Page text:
Journalist and activist Gloria Steinem has written her first book in more than 20 years. "My Life on the Road," details her conversations with people - from civil rights leaders to students - she met as she crisscrossed the country, living and traveling the country with her "gypsy father" growing up.
She credits these experiences for shaping her into the person she is today.
"It was only after I started a book about being on the road that I realized, 'Wait a minute, maybe this had something to do with my childhood,'" Steinem told "CBS This Morning" Friday. "Home and on the road are equally important and maybe that's the way we evolved as human beings. ... There's something in ourselves that makes us want to travel."
Steinem also described her father's positive influence on her future relationships with men.
"If your father is the person closest to you, is kind of funny and cares about you as a unique individual and cares about your talents and so on, you know that those men exist," she said.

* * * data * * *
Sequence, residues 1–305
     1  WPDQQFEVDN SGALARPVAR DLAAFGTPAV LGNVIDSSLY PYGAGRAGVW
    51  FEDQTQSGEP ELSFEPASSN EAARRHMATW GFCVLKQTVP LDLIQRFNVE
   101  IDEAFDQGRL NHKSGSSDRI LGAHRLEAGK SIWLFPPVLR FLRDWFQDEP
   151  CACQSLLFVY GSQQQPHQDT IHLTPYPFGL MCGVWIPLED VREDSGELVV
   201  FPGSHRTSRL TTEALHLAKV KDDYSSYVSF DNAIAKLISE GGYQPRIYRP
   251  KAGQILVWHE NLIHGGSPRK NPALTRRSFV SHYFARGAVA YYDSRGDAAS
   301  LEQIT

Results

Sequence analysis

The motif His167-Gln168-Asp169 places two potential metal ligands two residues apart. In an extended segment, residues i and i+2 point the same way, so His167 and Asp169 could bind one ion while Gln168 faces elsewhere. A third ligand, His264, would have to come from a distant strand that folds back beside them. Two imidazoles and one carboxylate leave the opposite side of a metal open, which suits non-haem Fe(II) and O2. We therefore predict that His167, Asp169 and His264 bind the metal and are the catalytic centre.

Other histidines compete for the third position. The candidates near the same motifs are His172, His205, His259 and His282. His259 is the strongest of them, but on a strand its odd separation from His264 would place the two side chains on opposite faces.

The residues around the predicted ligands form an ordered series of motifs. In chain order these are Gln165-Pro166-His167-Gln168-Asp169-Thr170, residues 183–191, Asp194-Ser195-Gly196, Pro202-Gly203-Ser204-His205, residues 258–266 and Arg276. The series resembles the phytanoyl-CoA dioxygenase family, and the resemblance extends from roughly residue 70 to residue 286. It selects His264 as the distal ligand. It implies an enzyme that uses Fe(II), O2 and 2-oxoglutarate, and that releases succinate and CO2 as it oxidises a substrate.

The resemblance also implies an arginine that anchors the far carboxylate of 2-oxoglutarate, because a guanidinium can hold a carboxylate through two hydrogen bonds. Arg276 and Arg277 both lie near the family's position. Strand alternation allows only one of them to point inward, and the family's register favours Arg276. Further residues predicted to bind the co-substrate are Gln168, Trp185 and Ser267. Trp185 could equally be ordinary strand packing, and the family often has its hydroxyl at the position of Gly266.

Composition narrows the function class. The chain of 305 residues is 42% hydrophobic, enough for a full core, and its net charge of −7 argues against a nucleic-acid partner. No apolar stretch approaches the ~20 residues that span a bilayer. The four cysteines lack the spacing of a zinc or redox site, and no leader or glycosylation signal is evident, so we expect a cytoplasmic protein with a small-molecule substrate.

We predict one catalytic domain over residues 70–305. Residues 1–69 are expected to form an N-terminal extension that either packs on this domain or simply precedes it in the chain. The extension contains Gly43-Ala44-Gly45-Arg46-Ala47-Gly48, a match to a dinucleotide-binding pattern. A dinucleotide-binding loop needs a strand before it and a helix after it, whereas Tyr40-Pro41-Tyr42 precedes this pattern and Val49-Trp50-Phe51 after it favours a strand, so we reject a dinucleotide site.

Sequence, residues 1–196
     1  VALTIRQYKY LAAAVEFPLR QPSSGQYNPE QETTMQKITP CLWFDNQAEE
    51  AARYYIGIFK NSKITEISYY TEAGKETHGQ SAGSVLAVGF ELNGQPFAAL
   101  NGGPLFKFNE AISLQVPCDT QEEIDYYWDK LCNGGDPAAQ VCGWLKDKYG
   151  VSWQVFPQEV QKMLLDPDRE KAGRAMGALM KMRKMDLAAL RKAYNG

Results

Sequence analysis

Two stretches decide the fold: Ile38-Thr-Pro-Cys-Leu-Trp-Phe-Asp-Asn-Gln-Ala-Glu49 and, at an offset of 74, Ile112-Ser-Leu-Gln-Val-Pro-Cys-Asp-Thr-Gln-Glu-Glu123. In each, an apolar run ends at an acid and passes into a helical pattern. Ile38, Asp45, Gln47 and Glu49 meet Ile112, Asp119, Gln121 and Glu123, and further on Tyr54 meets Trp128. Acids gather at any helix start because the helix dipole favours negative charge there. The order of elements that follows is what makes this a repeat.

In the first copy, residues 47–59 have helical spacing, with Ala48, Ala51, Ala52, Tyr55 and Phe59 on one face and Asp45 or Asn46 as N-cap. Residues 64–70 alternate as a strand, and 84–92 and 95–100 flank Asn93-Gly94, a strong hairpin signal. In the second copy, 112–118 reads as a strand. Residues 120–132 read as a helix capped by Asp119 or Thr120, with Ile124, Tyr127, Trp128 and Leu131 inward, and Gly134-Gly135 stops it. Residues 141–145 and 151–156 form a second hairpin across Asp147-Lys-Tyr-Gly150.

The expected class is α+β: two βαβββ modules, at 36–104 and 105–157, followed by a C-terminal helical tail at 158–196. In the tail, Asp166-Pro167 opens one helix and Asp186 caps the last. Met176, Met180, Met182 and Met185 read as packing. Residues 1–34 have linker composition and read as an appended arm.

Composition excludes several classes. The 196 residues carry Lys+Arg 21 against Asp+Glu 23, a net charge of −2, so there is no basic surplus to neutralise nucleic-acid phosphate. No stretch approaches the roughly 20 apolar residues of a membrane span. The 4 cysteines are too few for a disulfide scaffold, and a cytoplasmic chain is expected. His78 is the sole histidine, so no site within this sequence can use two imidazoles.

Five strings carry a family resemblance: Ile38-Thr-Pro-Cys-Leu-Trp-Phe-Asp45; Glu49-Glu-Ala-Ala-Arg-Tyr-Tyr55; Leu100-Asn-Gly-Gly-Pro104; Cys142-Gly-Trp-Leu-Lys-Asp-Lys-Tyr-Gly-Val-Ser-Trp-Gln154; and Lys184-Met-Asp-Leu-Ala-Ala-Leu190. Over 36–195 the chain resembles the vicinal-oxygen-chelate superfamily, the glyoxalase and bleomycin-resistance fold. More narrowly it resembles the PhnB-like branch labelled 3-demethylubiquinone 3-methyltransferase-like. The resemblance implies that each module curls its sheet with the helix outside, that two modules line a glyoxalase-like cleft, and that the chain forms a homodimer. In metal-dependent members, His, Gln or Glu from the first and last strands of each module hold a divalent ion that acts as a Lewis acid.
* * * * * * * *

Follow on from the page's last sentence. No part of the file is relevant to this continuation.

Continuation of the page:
Steinem became the face of the women's rights revolution in the 1960s, examining taboo subjects like domestic violence, pay disparity, reproductive rights and equal opportunities in the workplace.
A feminist herself, she responded to actress Meryl Streep's recent statement that she was a not a feminist.
"I think she says she's a feminist and a humanist," said Steinem. "The tradition of humanism is that you believe in people rather than God, so she may just have been saying both things."
But specifically addressing the common negative connotations attached to the term, Steinem said, "If people just go to the dictionary and discover that it means a person -- male or female -- who believes in the full equality of women and men, then they do subscribe to it. And it is a majority now, which it didn't use to be."